- Workers‟ Compensation in each jurisdiction is operated by a board (WCB) that has a different name in
some jurisdictions, like the Workplace Safety and Insurance Board (WSIF) in Ontario (sometimes
called commissions)
- The Association of Workers’ Compensation Boards of Canada (AWCBC) was founded in 1919 as a
non-profit organization to facilitate the exchange of information between Workers‟ Compensation
Boards and Commissions in different jurisdictions
- AWCBC refers to individuals Boards and Commissions collectively as WCB/Commissions
- These WCB/Commissions compensate employees for lost income, permanent disability, cost for
survivors, and rehabilitation due to work-related injuries
- Jurisdictions having a large proportion of self-employed people, such as fishers and farmers, have lower
rates of participation in Workers‟ Comp. (Table 7.1 page 232)
- The WCB/Compensation charge employers to cover their employees and pay the insured worker or
survivor directly
- A few employers are self-insured, meaning the Board of Commission pays the cost of benefits provided
to their injured workers‟ plan and the employer reimburses the Board
- Workers‟ Compensation is a large industry receiving some $9 billion a year in total income and paying
$9.6 billion in benefits in 2007 (it also invests in Occupational Health and Safety (OHS) to reduce
worker injury
- Table 7.1: Workers’ Compensation Boards and Commissions Income and Expenses, 2007 (page
Employers’ Costs:
- In 2007 weighted average premium rate for Canada is $1.98 for every $100 of gross insurable earnings
before deductions

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- Premium rates for individual rate groups are recalculated annually based on injury frequency and on
claims costs for individual rate groups
- There are 18 rate groups (Divisions): Table 7.2 Workers‟ Compensation Employer Assessment
Divisions (page 233)
- Each division is subdivided into a Major Group and then further subdivided (for example, Division “A”,
Agriculture and Related Services contains two major groups: Major Group „01‟ is Agriculture, and
Major Group „2‟ is Incidental Services)
- Major Group „1‟ in Division A contains 6 sub-groups (011- Livestock Farms, 012- Other Animal
Specialties, 013- Field Crop Farms, 015- Fruit and Vegetable Farms, 016- Horticulture, 017-
Combination Farms
- Sub-group 011- Livestock Farms is further broken down into 6 categories- Dairy, Cattle, Hog, Poultry
and Egg, Sheep and Goats and Feedlots
- Table 7.3 Employer Assessment Rates for 2009 (page 233) shows the following:
Maximum assessable earnings, the maximum amount of earnings for each employee covered
by Workers‟ Comp.
The highest and lowest rates in each jurisdiction
The rates for each jurisdiction for Major Group „70‟, Deposit Accepting Intermediary in Division
“K”, Finance and Insurance Industries whose rates are the lowest rates in 8 jurisdictions
- Why is it so much more dangerous to work in Financial Services in some jurisdictions? No idea, Rates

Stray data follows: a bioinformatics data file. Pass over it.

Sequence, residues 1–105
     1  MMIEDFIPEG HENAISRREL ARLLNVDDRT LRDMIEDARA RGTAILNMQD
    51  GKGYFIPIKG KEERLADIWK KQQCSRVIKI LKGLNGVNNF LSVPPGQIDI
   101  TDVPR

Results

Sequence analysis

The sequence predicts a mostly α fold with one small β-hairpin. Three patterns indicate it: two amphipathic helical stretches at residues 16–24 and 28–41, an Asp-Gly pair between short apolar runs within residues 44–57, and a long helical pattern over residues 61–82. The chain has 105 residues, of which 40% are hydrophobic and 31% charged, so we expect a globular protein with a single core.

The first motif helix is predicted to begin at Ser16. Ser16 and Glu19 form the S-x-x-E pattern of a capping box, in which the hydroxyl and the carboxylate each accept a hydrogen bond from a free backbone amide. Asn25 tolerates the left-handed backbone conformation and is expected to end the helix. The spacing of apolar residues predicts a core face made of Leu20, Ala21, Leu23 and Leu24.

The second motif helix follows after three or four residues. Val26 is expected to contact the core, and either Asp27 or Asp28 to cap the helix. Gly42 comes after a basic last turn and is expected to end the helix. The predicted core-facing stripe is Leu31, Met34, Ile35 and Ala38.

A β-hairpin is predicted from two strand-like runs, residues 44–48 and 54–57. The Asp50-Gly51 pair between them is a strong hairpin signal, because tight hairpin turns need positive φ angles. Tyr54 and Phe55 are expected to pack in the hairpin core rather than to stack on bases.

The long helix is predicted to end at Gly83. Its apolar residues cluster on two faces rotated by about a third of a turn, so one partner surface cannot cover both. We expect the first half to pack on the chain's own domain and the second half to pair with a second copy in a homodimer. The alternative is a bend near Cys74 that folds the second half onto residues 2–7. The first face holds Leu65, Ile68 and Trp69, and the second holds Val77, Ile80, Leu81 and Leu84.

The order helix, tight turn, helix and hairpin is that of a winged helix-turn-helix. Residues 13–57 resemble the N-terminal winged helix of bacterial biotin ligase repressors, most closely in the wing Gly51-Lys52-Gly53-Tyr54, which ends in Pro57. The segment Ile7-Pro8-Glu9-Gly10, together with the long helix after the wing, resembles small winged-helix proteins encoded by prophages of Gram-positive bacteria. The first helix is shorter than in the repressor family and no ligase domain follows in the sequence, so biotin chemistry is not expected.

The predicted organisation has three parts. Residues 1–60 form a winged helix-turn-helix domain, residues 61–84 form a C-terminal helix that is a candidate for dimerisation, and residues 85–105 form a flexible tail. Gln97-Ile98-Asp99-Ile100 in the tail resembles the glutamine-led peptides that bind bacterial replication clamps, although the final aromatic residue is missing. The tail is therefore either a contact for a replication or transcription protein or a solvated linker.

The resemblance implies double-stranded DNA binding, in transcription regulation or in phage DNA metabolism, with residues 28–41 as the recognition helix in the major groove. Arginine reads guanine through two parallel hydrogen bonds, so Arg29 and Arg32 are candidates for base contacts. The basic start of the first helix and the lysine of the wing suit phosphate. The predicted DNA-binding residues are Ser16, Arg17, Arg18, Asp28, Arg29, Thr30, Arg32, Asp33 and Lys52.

are per $100 of assessable earnings and are based, in part, on the experience of each employer and also
of the industry
- Example 1: page 235 (use table 7.3)
Given a small branch which has 5 employees earning an average of $40,000 each in B.C., the
bank will pay Workers‟ Comp a total each year of:
1. 40,000 x 5 = $200,000 [total wages]
2. 200,000 / 100 = $2000 [total wages / 100]
3. $2000 x $0.08 (estimated lowest assessment rate) = $160 in B.C.
Benefit for Injured Workers:
- The maximum amount of an employee‟s earning that are insurable under Workers‟ Comp is called the
maximum earnings covered, and earnings over this amount are not covered
- In all provinces and territories except Manitoba, the Maximum Assessable Earnings shown I Table 7.3 is
also the maximum earnings covered (in Manitoba, there is no maximum earnings Covered even though
there is a maximum assessable earnings)
- The rate charged by the Boards is based on gross earnings before deductibles but benefits are based on
75% to 90% of net earnings (gross earnings minus income tax, CPP, and EI deductions) except in
Yukon where benefits are based on 75% of gross income
- Benefits also have other restrictions in some jurisdiction:
Half of the jurisdiction require the employer to pay the worker for the day of the injury while the
other half do not
Only Quebec requires the employer to pay for the period after the injury, 14 days, but the amount
is then refunded to the employer
Only three provinces have an unpaid waiting period as shown in Table 7.1
In some jurisdictions, some benefits are offset (reduced) by any amounts received from
Canada/Quebec Pension Plan
In most jurisdictions, the benefit may be suspended or paid to benefit a dependent when the
worker is in jail, in an institution, or in a hospital
Maximum compensation rates of 2008 vary from a low of 79.3% of the Average Industrial
Aggregate Weekly Wage in Newfoundland to a high of 124.7% in Manitoba. Ontario is 112.8%
Nine jurisdictions have a minimum amount of weekly payments
Most jurisdictions pay a lump sum to a surviving spouse as well as monthly payments. The
amount and duration of the payments is affected by the number of dependent children and their
ages as well as the age of the spouse